Take a breath and accept criticism. It’s tough. It’s one of the toughest things, especially when you’re walking into the back room with all the folding tables and the sweaty pits for the first few times. But that’s the advanced strategy: listen, acknowledge it, say you need time to think on it. Give yourself time to get over the hurt and the rush to defend yourself.

Defensiveness doesn’t build better decks.

HIT POINTS

If you’ve read this far, then I owe you an apology: sorry. Politics isn’t actually a game. People get hurt, for real. You only have to look at the spike in post-election hate crimes, at the fear that communities feel who have been threatened by Trump and his nazi bootlickers.

Politics isn’t a game, but it is something you can lose.

So this has been a tad glib. But you know what? We gotta get through this together. It’s absurd that the weight of a Trump presidency - a Trump presidency! - sits on our shoulders. We’ve lost a bunch of hit points. Don’t sweat it. In Magic you can win from any number of hit points above zero: low doesn’t mean out.

So let’s play.

Why Flat? Starting Points

I’ve practices flat organization in a few contexts: as a small business owner, as an activist, and as an employee. It feels right to me. It feels like the space wherein I’m most creative and productive. But why? Is it a quirk of my personality or personal history? Or am I on to something?

Some of my starting points, off the top of my head:

  • People are creative
  • People care about each other
  • People want to succeed together
  • Flat means no capricious authority
  • Flat means you decide how you work
  • Flat means you have a say in the definition of success
  • Flat means you own outcomes, good or bad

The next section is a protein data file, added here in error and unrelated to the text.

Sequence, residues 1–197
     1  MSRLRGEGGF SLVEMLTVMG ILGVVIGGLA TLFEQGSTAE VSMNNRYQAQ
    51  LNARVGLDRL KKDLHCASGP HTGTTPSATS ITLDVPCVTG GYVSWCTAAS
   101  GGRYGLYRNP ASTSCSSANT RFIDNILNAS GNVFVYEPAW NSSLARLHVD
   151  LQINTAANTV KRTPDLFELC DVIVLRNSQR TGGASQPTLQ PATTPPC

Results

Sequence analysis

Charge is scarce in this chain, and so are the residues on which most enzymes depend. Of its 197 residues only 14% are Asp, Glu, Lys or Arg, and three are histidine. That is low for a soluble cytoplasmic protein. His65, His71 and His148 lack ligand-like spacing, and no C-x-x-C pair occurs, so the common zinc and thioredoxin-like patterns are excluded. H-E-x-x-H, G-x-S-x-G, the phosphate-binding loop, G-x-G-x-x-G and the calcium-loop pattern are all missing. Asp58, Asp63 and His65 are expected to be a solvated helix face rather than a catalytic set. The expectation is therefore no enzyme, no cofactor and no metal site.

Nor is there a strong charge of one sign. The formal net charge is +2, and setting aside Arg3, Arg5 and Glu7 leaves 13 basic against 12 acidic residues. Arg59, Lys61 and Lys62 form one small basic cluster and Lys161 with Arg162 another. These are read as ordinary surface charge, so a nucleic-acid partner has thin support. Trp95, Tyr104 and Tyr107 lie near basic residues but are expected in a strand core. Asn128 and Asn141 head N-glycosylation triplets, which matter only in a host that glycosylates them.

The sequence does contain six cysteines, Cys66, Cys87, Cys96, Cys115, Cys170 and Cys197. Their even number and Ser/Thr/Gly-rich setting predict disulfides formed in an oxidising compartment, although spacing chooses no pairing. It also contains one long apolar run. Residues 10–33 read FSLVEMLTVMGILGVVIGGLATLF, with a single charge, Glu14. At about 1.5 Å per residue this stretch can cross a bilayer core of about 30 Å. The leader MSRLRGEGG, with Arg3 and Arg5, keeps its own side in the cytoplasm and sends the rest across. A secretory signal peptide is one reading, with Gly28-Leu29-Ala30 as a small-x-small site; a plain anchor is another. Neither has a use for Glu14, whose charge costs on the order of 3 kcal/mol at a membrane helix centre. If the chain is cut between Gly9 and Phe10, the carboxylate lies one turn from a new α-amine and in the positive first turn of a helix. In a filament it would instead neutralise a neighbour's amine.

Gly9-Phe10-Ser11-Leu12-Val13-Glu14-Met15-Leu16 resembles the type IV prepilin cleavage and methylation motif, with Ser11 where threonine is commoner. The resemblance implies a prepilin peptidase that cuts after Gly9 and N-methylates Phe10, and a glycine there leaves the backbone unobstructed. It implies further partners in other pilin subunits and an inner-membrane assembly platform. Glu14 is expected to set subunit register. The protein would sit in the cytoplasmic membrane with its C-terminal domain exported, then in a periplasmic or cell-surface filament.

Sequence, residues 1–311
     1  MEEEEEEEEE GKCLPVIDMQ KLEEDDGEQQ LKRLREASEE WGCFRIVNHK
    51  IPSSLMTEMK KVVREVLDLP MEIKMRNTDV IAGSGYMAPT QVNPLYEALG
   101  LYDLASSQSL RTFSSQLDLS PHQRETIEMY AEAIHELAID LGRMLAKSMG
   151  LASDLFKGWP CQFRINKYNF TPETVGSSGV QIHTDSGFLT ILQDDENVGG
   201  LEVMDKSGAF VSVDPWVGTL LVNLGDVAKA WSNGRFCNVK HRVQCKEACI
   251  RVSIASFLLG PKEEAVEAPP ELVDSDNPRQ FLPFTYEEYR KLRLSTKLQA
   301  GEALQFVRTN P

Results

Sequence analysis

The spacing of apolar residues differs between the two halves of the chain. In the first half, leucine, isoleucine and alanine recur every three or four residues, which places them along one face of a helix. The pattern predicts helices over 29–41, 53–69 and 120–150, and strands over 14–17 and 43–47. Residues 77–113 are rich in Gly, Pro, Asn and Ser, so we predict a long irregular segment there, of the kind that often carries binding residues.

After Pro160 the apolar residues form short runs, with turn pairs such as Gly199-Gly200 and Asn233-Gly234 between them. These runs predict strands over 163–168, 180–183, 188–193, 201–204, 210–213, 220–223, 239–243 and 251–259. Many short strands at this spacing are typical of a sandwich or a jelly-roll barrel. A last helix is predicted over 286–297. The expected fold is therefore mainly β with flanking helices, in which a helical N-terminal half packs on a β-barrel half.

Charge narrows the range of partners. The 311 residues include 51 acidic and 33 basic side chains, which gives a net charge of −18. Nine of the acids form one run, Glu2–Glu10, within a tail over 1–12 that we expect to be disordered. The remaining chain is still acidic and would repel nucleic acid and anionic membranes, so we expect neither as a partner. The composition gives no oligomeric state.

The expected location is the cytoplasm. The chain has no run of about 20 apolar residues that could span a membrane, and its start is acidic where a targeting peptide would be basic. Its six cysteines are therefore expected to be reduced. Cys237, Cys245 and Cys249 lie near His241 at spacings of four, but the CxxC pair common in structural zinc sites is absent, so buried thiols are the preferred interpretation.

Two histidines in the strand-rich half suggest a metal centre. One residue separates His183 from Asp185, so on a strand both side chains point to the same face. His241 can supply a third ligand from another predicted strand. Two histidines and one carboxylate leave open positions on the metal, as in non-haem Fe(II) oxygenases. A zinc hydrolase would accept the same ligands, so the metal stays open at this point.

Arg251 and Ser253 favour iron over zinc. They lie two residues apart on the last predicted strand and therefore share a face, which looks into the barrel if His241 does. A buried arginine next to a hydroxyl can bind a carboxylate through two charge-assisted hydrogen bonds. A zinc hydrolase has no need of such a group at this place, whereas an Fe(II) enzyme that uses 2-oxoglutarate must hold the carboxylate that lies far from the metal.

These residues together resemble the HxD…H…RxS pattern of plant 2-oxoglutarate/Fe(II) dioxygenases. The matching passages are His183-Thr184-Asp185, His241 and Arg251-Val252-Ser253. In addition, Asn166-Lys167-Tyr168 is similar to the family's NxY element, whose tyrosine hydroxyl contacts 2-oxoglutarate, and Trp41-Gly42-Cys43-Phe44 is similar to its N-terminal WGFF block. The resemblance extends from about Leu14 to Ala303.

• Flat means you solve problems instead of being stuck with them
  • Flat means your co-workers matter
  • Flat means learning
  • Flat means higher expectations
  • Flat means nothing is safe from questions
  • Flat means decisions take longer
  • Flat means decisions are better
  • Flat means work is challenging
  • Flat means work is meaningful

Growing Up Flatlander

One of the main barriers many people face with a flat organization is disorientation. Mostly we’re trained in hierarchy, so we’re used to navigating the bumps and dilemmas of a workplace with conventional management. We’ve developed and honed those instincts. Flat organization requires the exercise of some new instincts and judgments, not to mention shaking off some habits. For many folks there’s a steep initial learning curve.

But not for everyone. I’m lucky to have had years of experience working in flat environments. While many folks are steeped in conventional management and hierarchy, many are not. It’s worth observing that people bring different expectations into a workplace, and that no management style is frictionless for 100% of the people in an enterprise. Here are a few experiences that oriented me with flatness:

  • Starting my own business. I started a tiny web development/consulting company with my best friend when we turned 18. Went right from college to doing it full-time, figuring out taxes, making decisions about clients and contracts and rates. Hiring (and sometimes firing) a small group of employees. Stuck with it and paid the bills for almost ten years.

  • Running for office. I ran for the MN House of Representatives in 2006. That was an amazing experience for a 23-year-old. There is nothing like knocking on doors as a candidate to get the feel for just how precious it is for another person to give you a few minutes to listen.

  • Co-founding a non-profit and serving on various all-volunter committees. Motivation and accountability are huge challenges when working with volunteers. But in some ways, I think the paycheck and regular hours can mask just how much these are challenges with paid employees as well.

I am really thankful for these experiences. A few things that strike me, as I reflect on them:

  • Failure and unpredictability. It strikes me that I’ve failed to achieve my goals at least as often as I’ve succeeded, despite spending equal amounts of time and energy in all cases. I think I’ve learned that you don’t have to be perfect, and you don’t have to be an expert. Nobody can predict the future. Small business and grassroots politics are both risky endeavors in environments where many of the variables are out of your control. Some humility about what I can actually affect, I think, paradoxically makes it easier for me to go out on a limb.